The local government of Xiamen, China, recently ordered municipal workers to test both fishermen and their catch, including “live fish” and crabs, for the Chinese coronavirus out of alleged concern that international fishing activity in the area may have sparked local outbreaks of the virus, the Chinese government-controlled news outlet Sixth Tone reported Thursday.
“[L]ocal authorities confirm that they’re testing fish for the virus. An employee from the Xiamen Municipal Bureau of Ocean Development confirmed the news to Sixth Tone Thursday. He said that performing COVID-19 [Chinese coronavirus] tests on seafood is a common practice, especially since an outbreak of the virus in the island province of Hainan,” the news website reported August 18.
Video footage of Xiamen city workers swabbing fish and crabs for the Chinese coronavirus has circulated online in recent days.
Radio Free Asia’s Chinese-language Twitter account posted one such clip on August 18 with the following caption:
Taihai.com reported that in Jimei District, Xiamen, fishermen have to carry out nucleic acid testing once a day during their operations. When the fishermen and their catch come ashore, “the same inspection of ‘people and things'” is implemented, which means that both the fishermen and the catches have to undergo nucleic acid testing.
A staff member of Xiamen Ocean Development Bureau told reporters on the 17th, “At present, all members of Xiamen City need nucleic acid, and the fish must also undergo nucleic acid.”
Xiamen is a port city located along China’s southeastern coast directly across the Taiwan Strait from Taiwan. The sovereign island nation of Taiwan is itself situated at the nexus of the East China and South China Seas, making its surrounding region a hub for international fishing and maritime trade.
“Experts from the Chinese Center for Disease Control and Prevention said in an interview with state television in July that fish do not get infected by COVID-19 [Chinese coronavirus], but can be contaminated with it during the catch, transportation, or processing. Such contamination is usually on the surface of the fish,” Sixth Tone relayed on Thursday.
“There is no evidence that animals play a significant role in spreading SARS-CoV-2, the virus that causes COVID-19, to people,” the U.S. Centers for Disease Control and Prevention (CDC) states on its website in a bulletin last updated on July 5.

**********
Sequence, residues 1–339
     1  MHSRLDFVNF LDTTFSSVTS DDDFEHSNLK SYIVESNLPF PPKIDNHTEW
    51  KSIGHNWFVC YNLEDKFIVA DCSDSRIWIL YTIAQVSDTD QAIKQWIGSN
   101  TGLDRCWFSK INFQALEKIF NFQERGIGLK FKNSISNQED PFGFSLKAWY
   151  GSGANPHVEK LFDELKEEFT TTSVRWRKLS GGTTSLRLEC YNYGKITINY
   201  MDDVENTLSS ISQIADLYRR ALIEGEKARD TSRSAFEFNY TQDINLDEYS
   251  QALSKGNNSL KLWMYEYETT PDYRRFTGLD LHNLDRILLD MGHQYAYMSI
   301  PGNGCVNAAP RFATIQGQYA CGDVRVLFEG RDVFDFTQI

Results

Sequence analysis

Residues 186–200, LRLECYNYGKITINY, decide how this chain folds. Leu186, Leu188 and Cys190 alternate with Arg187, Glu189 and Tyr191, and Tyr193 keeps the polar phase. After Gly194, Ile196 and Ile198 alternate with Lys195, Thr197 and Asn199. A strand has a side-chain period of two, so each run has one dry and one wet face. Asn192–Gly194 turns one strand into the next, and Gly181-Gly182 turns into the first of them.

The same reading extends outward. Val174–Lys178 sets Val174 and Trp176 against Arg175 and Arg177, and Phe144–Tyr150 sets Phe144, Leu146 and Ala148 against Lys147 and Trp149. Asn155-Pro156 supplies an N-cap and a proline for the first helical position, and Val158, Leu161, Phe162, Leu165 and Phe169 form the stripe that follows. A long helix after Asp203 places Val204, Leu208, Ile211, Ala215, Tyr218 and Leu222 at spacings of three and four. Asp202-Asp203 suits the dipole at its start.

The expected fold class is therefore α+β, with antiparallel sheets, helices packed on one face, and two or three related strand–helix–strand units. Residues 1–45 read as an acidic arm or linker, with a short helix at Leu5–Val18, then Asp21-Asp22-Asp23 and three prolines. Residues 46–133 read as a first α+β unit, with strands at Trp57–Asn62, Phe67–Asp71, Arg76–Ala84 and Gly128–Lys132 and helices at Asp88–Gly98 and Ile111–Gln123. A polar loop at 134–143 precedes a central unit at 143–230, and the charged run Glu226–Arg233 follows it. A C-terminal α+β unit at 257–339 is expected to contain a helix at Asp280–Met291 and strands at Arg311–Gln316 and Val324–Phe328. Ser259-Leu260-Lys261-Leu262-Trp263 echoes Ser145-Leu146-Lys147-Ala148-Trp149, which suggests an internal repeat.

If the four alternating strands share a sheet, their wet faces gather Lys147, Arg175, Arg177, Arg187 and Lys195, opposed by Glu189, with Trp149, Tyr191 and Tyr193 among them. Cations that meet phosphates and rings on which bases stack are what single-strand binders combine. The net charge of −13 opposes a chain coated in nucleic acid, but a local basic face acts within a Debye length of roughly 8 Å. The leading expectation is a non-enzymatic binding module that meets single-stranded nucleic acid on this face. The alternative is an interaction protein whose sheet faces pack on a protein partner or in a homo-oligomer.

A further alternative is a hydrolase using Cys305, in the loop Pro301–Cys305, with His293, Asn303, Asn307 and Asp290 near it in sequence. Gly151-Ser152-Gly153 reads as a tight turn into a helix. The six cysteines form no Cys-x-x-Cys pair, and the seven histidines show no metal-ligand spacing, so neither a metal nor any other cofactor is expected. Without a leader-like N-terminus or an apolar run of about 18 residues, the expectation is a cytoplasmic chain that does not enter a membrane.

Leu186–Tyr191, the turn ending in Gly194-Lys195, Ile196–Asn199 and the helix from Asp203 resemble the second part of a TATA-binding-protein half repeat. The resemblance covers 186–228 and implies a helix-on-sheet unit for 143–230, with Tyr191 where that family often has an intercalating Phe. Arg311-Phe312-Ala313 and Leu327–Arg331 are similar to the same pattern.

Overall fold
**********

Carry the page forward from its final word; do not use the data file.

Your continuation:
The U.S. CDC writes the following concerning the “low” risk of animal-to-human transmission of the Chinese coronavirus:
There have been a few reports of infected mammalian animals spreading the virus to people during close contact, but this is rare. These cases include farmed mink in Europe and the United States, white-tailed deer in Canada, pet hamsters in Hong Kong, and a cat in Thailand. In most of these cases, the animals were known to be first infected by a person who had COVID-19.
It’s important to remember that people are much more likely to get COVID-19 from other people than from animals. There is no need to euthanize or otherwise harm animals infected with SARS-CoV-2.
There is a possibility that the virus could infect animals, mutate, and a new strain could spread back to people and then among people (called spillback). More studies and surveillance are needed to track variants and mutations and to understand how SARS-CoV-2 spreads between people and animals.
China’s central government has previously claimed on several occasions that local outbreaks of the Chinese coronavirus — which originated in Wuhan, China, in late 2019 — in Beijing and other cities were allegedly traced to imported frozen food items and air-transported mail carrying the virus.
“In most situations, the risk of infection from touching a surface is low,” according to a U.S. CDC bulletin last updated in November 2021.
“The virus that causes COVID-19 [Chinese coronavirus] can land on surfaces. It’s possible for people to become infected if they touch those surfaces and then touch their nose, mouth, or eyes.” the U.S. public health agency noted.